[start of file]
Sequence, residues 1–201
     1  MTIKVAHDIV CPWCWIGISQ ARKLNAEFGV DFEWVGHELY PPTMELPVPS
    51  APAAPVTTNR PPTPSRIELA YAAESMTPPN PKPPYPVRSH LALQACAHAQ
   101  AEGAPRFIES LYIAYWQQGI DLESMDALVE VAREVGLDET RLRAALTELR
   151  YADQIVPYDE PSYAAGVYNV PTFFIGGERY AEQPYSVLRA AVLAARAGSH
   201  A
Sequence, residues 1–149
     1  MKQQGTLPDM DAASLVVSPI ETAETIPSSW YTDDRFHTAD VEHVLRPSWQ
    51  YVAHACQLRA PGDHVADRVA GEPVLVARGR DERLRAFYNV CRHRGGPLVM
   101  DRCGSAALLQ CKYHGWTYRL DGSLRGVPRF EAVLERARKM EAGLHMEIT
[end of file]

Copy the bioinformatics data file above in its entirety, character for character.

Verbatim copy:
Sequence, residues 1–201
     1  MTIKVAHDIV CPWCWIGISQ ARKLNAEFGV DFEWVGHELY PPTMELPVPS
    51  APAAPVTTNR PPTPSRIELA YAAESMTPPN PKPPYPVRSH LALQACAHAQ
   101  AEGAPRFIES LYIAYWQQGI DLESMDALVE VAREVGLDET RLRAALTELR
   151  YADQIVPYDE PSYAAGVYNV PTFFIGGERY AEQPYSVLRA AVLAARAGSH
   201  A
Sequence, residues 1–149
     1  MKQQGTLPDM DAASLVVSPI ETAETIPSSW YTDDRFHTAD VEHVLRPSWQ
    51  YVAHACQLRA PGDHVADRVA GEPVLVARGR DERLRAFYNV CRHRGGPLVM
   101  DRCGSAALLQ CKYHGWTYRL DGSLRGVPRF EAVLERARKM EAGLHMEIT